Take your cruise ship home, part of it anyway

Did you have a good time on your cruise, so much fun that you would like to take your cruise ship home? Now you can.

Not to be confused with stealing towels or silverware, some cruise lines are allowing passengers to enjoy some of the luxury they experience at sea right in their own homes. No, they’re not sending a masseur over for a little session on the night of your choice or shipping you Lobster-Night-In-A-Box. But they are offering a service that even those who have never been on a cruise can take advantage of.

The topic comes up because this week, Royal Caribbean International announced the new Royal Caribbean Bedding Collection available for sale to anyone.

“In line with our Royal Advantage program, the Royal Caribbean Bedding Collection was chosen with care to offer the indulgent sleep experience that they enjoy onboard and longed and requested to bring home,” said Lisa Bauer, senior vice president of Hotel Operations.

Royal Caribbean’s collection offers not just sheets and pillows but full-size ma tresses as well made in Italy by Matermoll and Emmebiesse. The popular Royal Memory Pillows start at $79 (with $26.95 shipping make that $105.95. Kinda pricey. Remember that number, we’ll be coming back to it shortly.

Rival lines Carnival and Holland America also offer bedding for sale. I have a bunch of the Carnival Comfort Collection pillows that have done well over the 4 years we have used them. It makes sense too; this stuff is made both for durability and comfort. To make it to luxury-status in a commercial setting, they have to hit both marks.

Thinking about just stuffing that pillow in your suitcase before leaving the ship? Think again.

Bed bugs, even a few, attached to that pillow can infest your home and multiply quickly. Odds are you don’t make your bed and perform an informal inspection for bed bugs twice daily or disinfect foundation pieces each week like they do on cruise ships.

Those bed bugs are going to love your home.

Suddenly, after spending a lot of money with an exterminator to get rid of your little friends from the cruise ship, that $105.95 price tag for a pillow doesn’t sound so bad. I’m still not sure how they get $26.95 to ship a pillow. Maybe the captain delivers it, tucks you in and tells a tale of great wonder about life at sea and giant octopi.

But bedding is just one item for sale from the cruise lines.

Let’s go back to 2005 and another cruise line at-home program. Carnival Cruise Line’s Presidential Wine Club. It was a mail-order program where members were shipped two bottles of wine each month, selected by the line’s then president, Bob Dickinson, a noted wine connoisseur and collector. That program really never took off the way the cruise line had hoped and was canceled after a very short life. Buying into pretty much anything cruise-related at the time, I joined that club but was kind of relieved once it was over, the wine was really stacking up. These things happen to beer drinkers.

Royal Caribbean also offers would-be passengers/imposter’s the ability to look all cruisey without even going to sea with their Gifts and Gear Ashore program. This one lets us visit the cruise ship gift shop from home ordering a wide variety of clothing and other items we might find on the ships.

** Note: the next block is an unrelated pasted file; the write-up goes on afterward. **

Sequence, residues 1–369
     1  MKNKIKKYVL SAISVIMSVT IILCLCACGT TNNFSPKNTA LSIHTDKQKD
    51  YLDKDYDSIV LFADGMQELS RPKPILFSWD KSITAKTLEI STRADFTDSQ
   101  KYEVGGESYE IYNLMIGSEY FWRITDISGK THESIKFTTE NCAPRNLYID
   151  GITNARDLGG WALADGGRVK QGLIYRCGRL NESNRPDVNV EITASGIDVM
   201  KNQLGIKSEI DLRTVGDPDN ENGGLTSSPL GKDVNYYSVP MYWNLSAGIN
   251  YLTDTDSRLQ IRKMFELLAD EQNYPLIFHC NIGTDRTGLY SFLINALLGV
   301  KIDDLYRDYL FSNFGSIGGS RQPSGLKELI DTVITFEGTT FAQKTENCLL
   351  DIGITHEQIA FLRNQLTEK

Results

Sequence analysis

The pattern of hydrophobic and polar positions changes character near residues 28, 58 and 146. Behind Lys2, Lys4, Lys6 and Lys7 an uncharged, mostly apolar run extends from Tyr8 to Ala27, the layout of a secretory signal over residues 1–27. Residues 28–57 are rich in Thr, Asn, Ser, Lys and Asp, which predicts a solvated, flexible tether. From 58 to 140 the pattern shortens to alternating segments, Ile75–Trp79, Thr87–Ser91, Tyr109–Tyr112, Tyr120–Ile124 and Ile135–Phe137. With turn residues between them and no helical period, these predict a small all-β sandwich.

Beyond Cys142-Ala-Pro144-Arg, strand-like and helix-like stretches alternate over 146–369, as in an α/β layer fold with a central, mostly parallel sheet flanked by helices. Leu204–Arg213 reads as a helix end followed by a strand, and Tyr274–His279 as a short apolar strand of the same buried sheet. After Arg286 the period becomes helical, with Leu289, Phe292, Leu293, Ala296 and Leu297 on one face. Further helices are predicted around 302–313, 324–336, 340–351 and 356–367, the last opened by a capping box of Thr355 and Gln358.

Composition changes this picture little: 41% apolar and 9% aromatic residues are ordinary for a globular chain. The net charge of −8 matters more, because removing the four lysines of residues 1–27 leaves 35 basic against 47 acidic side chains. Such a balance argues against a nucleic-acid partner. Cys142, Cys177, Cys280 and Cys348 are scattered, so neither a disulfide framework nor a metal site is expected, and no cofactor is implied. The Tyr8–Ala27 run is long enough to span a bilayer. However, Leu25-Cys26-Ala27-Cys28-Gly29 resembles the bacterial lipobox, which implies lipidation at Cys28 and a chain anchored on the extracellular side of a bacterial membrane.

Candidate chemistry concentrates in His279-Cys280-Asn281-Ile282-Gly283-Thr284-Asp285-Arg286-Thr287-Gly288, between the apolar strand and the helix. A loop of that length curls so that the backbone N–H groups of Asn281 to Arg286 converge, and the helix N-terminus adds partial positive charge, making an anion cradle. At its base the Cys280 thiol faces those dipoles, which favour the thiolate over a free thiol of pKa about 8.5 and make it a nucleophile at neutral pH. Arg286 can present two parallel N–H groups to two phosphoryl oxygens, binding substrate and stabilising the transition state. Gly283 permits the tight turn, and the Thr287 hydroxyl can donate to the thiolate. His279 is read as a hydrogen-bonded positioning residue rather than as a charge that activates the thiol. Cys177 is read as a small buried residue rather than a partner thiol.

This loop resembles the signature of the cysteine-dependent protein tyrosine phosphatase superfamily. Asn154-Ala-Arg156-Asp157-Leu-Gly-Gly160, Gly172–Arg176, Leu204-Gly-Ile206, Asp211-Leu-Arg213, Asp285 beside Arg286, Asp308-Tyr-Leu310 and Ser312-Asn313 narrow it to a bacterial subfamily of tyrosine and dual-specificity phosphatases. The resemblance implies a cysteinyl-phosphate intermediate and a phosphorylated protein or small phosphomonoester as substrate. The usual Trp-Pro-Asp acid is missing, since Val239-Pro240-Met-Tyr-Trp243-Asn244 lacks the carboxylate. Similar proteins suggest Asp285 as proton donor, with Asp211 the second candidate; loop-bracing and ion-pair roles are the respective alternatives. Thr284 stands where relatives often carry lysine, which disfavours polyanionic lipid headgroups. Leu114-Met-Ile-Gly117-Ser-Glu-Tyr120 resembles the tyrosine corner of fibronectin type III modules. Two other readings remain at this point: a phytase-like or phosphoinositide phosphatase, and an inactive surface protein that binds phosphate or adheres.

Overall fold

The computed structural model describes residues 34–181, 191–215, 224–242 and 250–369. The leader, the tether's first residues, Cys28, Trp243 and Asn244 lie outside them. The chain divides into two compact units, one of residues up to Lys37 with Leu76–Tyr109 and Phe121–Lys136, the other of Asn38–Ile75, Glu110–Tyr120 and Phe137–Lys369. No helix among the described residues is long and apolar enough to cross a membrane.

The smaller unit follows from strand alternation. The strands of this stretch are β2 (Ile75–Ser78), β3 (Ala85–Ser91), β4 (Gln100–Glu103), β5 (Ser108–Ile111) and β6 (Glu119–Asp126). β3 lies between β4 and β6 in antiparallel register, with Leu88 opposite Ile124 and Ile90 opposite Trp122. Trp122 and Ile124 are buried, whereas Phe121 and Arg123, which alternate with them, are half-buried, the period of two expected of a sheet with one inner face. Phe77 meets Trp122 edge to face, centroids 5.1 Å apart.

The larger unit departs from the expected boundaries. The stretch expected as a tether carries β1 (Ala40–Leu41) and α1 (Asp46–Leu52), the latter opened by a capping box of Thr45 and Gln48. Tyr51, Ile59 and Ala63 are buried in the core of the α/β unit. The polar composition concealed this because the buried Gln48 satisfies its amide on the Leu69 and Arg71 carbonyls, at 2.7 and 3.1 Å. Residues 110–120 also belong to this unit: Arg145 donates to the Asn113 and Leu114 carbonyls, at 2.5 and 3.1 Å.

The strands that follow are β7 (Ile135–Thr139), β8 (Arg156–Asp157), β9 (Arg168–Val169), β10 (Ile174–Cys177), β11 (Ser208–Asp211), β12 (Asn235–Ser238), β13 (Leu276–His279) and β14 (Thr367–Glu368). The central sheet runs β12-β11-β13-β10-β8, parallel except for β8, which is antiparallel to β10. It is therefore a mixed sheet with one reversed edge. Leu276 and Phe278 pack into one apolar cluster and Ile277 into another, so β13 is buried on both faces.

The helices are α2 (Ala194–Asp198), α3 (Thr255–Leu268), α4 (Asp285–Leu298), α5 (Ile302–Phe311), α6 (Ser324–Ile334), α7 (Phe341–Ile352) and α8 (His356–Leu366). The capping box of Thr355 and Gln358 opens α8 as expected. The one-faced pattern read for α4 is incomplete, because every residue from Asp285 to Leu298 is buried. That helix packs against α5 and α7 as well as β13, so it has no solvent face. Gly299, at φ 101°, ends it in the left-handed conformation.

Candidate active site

Want to freak out your friends at the next WeHateCruises.org meeting? Buy a Royal Caribbean t-shirt and tell them “I kinda liked it”.

Flickr photo by ceemarie

3 great books about cruise vacations

While blogging, video, interactive travel books and online travelguides have command a lot of interest, books (like with paper and ink) are still being published. Here are some of the best about cruise vacations for your weekend reading pleasure.

Selling the Sea– An inside Look at the Cruise Industry
Written by cruise industry veterans Bob Dickinson from Carnival Cruise Lines fame and Andy Vladimir this second edition features information all about the mechanics of the cruise industry as well as interviews with captains, social directors, and cruise line executives

Frommer’s Cruises and Ports of Call, 7th Edition
This is like the handbook of all cruise books and has photos of all major ship classes that sail from North American home-ports plus in-depth coverage of major ports of call in the Caribbean as well. This 7th edition has candid reviews and other useful information to supplement what you find online and here at Gadling.

Cruise Confidential A Hit Below the Waterline
If you have ever wondered what it would be like to work on a cruise ship, this is the book for you. Brian David Bruns look at his life as the only American waiter on several Carnival cruise ships gives a backstage account of what it is like day to day aboard a ship at sea.

Don’t want to cut down trees for information? AOL TravelGuides are a great source for all things cruising as well. Some of the best include great warm-weather ports like Kingston, San Juan, Acapulco and Cancun.

Just the thing on a cold, snowy, Winter night or if you’re a Time-Warner subscriber, expecting another blackout.

No time for such nonsense as books? Fine then, check this video on the new Disney Dream:

You’re watching Cruise Director: Disney Dream – Behind the Scenes. See the Web’s top videos on AOL Video